Who is St. Brigid and why did she become such an inspiration 1,500 years after her death?

Devotees of St Brigid plan to celebrate her on Sunday with the scheduled return of relics linked to Ireland's so-called patron saint. The celebrations come a thousand years after her remains were removed from Kildare, where she founded a prestigious monastery and inspired a host of colorful legends filled with miracles.

The celebration in her birthplace, southwest Dublin, is part of Brigid 1500 – a series of celebrations around the world centered around the saint's feast day on February 1, marking the 1,500th anniversary of her death around the year 524.

In a sense, Brigid is on her way to success. The celebrations come a year after Ireland began honoring her An annual official holiday – The first Irish woman to be recognized with one.

While Saint Patrick has long been the saint most associated with Ireland, Brigid has gained a growing following in the 21st century. Devotees draw inspiration from Saint Brigid – and from the ancient pagan goddess Brigid, whose name and attributes she shares – as a symbol of feminine spirituality and empowerment. This comes in the middle Growing disappointment With the patriarchal and historically dominant Catholic Church.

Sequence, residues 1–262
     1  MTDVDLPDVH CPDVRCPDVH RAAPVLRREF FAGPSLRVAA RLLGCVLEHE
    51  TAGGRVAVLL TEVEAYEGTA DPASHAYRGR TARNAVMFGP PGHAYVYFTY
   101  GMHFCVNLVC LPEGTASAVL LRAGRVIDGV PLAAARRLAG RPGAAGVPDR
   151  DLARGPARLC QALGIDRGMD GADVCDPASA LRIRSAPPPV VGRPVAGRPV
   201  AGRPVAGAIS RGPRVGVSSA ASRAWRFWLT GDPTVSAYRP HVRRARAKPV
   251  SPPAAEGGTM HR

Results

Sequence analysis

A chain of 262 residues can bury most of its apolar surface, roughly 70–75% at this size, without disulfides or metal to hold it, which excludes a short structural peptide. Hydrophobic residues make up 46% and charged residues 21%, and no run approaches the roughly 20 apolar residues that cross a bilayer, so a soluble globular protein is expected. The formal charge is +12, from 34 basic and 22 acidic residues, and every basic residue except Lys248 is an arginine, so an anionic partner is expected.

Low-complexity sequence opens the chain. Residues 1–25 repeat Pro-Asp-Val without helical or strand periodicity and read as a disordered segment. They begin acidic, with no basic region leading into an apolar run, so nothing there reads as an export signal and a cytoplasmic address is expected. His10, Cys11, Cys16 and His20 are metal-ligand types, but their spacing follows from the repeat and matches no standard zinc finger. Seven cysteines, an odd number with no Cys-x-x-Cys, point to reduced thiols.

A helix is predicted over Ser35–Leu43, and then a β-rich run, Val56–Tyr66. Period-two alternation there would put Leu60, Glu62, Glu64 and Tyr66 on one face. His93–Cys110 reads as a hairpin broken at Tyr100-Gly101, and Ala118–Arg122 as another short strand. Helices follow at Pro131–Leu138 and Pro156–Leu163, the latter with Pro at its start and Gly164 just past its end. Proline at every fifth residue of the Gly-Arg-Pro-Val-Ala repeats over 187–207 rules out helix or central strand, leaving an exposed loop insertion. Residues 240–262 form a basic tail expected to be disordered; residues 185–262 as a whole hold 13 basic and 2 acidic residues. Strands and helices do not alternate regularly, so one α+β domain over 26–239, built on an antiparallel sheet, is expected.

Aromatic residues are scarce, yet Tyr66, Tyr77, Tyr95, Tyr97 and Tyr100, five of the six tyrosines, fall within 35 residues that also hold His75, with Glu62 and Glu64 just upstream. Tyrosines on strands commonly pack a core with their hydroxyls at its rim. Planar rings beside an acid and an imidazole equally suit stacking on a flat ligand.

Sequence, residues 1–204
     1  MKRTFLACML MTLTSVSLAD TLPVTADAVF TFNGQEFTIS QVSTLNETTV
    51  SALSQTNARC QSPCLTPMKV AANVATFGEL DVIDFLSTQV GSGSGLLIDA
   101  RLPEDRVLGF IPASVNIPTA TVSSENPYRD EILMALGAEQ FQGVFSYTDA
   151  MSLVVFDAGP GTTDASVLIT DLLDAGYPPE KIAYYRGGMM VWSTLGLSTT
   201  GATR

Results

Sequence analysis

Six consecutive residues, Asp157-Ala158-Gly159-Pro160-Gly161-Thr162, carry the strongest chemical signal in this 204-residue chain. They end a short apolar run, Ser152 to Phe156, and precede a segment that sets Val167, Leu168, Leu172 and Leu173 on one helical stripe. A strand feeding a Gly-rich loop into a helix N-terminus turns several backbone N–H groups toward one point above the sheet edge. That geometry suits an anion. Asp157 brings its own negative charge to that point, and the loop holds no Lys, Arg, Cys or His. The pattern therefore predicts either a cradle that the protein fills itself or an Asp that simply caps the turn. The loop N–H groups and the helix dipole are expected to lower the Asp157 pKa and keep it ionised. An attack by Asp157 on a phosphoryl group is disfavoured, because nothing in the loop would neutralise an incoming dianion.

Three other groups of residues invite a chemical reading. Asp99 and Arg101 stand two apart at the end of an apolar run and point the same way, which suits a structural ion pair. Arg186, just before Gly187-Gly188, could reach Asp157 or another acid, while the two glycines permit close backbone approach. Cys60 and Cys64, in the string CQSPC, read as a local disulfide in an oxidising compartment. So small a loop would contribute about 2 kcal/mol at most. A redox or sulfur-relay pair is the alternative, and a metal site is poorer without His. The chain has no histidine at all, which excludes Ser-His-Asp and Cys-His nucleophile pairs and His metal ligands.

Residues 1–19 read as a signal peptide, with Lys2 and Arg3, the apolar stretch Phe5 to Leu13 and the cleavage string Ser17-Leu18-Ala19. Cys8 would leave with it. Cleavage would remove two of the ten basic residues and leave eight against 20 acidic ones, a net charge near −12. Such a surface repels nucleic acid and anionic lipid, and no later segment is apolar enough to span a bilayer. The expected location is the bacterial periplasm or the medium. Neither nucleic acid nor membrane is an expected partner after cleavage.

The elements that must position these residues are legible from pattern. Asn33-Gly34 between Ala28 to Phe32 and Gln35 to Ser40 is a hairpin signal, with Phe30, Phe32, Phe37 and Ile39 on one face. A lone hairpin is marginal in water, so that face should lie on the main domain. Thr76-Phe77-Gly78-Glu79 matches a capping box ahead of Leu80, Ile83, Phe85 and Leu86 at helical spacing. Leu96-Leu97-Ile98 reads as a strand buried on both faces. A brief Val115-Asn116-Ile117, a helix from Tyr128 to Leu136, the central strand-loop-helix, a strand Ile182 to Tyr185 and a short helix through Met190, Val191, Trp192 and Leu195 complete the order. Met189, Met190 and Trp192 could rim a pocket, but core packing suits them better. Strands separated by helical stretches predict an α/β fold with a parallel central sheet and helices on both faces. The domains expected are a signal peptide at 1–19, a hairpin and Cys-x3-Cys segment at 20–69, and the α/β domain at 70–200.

Who was Brigid?

First question: Which Brigid?

Brigid is the name of a prominent goddess worshiped by the ancient pagan Celts, and the namesake of the saint who lived in the 5th and 6th centuries.

The goddess Brigid was associated with everything from poetry, healing, and metalsmithing to nature, fertility, and fire. She was honored on the holy day of Imbolc in midwinter, still celebrated on February 1, which also became St. Brigid's Day.

It is said that St. Brigid's father was a governor, and her mother was a slave. Although Brigid's life story has been embellished with legend, it is believed that she was the abbess of a monastic settlement of men and women that became a center of arts and learning and gave the town its Irish name of 'Church of the Oak'. “One legend has it that when the local king agreed to give her just enough land to build her monastery that could fit under her cloak, she miraculously spread it across the surrounding countryside.

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Saint Brigid traveled, preached, and healed. They are often depicted with images of fire and light and are associated with fertility, nurturing living beings, and peacemaking.

According to another legend, Brigid gave her father's jeweled sword to a needy man in exchange for food.